Third, broader public participation is critical to gain legitimacy, communicate results, and channel the expectations of ordinary Ethiopians into the process. A national dialogue should have mechanisms to include the broader population and enabling conditions to keep the general public informed and engaged in the dialogue in the preparatory phase. Currently, over ten million people are in need of humanitarian assistance in the country. Due to the war, millions of people are in desperate need of food aid, and per the World Food Program, "40 percent of Tigrayans are suffering an extreme lack of food," with some of them living in famine-like situations in the northern part of the country. The blockade of essential services, including banking, electricity, and communications worsened the existed challenges. Compounding the dire food situation, Ethiopia is experiencing the worst drought in a generation in the eastern part of the country. Addressing these humanitarian crises before or parallel to the National Dialogue is critical.

To conclude, the decisions made during the preparatory phase, including the selection of a convener, will affect the ultimate legitimacy of the National Dialogue in the eyes of political forces and the public. Therefore, for a successful National Dialogue in Ethiopia, a ceasefire should be prioritized, unimpeded delivery of humanitarian assistance should be urgently facilitated to all in need, and consultation with major stakeholders continued in order to secure more genuine commitments and willingness to sincerely engage.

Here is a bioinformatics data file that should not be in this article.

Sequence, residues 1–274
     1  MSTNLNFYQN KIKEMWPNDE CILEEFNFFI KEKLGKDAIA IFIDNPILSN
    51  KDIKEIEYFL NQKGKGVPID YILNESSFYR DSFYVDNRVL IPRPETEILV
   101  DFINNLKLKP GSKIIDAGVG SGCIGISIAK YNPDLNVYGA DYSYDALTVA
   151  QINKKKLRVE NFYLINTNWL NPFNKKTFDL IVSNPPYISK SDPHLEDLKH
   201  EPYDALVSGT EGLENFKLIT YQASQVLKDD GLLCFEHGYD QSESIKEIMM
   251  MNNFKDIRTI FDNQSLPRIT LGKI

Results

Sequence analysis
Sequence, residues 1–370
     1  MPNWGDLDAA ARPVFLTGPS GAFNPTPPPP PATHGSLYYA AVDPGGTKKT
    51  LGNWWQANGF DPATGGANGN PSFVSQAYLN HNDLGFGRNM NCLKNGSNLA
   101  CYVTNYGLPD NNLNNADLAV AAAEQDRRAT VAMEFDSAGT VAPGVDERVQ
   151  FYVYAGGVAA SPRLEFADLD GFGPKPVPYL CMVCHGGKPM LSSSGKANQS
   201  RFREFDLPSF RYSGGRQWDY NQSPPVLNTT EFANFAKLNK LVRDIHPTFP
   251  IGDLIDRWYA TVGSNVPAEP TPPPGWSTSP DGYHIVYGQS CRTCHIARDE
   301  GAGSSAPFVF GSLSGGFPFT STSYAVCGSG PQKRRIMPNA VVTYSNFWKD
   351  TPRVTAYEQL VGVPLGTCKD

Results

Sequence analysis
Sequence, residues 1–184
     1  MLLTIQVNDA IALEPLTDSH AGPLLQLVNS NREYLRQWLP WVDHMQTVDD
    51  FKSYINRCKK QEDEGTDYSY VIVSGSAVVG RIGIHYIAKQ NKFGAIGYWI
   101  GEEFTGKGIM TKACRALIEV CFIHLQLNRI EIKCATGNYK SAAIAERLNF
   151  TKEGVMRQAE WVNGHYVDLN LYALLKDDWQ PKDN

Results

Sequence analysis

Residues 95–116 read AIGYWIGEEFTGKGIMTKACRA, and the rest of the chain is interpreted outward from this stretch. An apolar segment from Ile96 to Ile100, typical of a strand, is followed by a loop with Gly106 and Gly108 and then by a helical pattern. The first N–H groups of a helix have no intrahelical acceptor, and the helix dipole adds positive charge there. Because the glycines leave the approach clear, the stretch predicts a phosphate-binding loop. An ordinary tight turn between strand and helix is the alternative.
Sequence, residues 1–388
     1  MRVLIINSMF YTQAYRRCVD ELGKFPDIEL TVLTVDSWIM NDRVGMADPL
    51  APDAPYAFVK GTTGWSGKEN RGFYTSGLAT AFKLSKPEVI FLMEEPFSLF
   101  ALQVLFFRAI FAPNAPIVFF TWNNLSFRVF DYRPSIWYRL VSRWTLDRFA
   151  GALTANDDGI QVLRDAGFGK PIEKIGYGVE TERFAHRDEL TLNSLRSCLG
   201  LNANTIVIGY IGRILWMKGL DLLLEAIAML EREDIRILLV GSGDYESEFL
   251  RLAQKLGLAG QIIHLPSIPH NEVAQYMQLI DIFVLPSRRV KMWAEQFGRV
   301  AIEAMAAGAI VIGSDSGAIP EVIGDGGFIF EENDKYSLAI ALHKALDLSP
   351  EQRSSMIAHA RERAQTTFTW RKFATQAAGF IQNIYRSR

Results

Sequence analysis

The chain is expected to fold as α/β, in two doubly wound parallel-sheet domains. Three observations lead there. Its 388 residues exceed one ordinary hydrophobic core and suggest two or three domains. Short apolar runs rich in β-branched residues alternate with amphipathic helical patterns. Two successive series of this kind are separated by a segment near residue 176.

Awet Halefom Kahsay is a Ph.D. Candidate in Peace and Security Studies, Institute for Peace and Security Studies, Addis Ababa University, Ethiopia. He is a Southern Voices Network for Peacebuilding (SVNP) Scholar and an Africa Program Scholar during Spring 2022.

Photo source: A rally in support of the Prosperity Party Government ahead of the Ethiopian elections R. Bociaga/Shutterstock.

About the Author

Awet Halefom Kahsay Headshot

Awet Halefom Kahsay

Former Southern Voices Network for Peacebuilding Scholar;
Ph.D. Candidate in Peace and Security Studies, Institute for Peace and Security Studies, Addis Ababa University, Ethiopia
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The Africa Program works to address the most critical issues facing Africa and US-Africa relations, build mutually beneficial US-Africa relations, and enhance knowledge and understanding about Africa in the United States. The Program achieves its mission through in-depth research and analyses, public discussion, working groups, and briefings that bring together policymakers, practitioners, and subject matter experts to analyze and offer practical options for tackling key challenges in Africa and in US-Africa relations.    Read more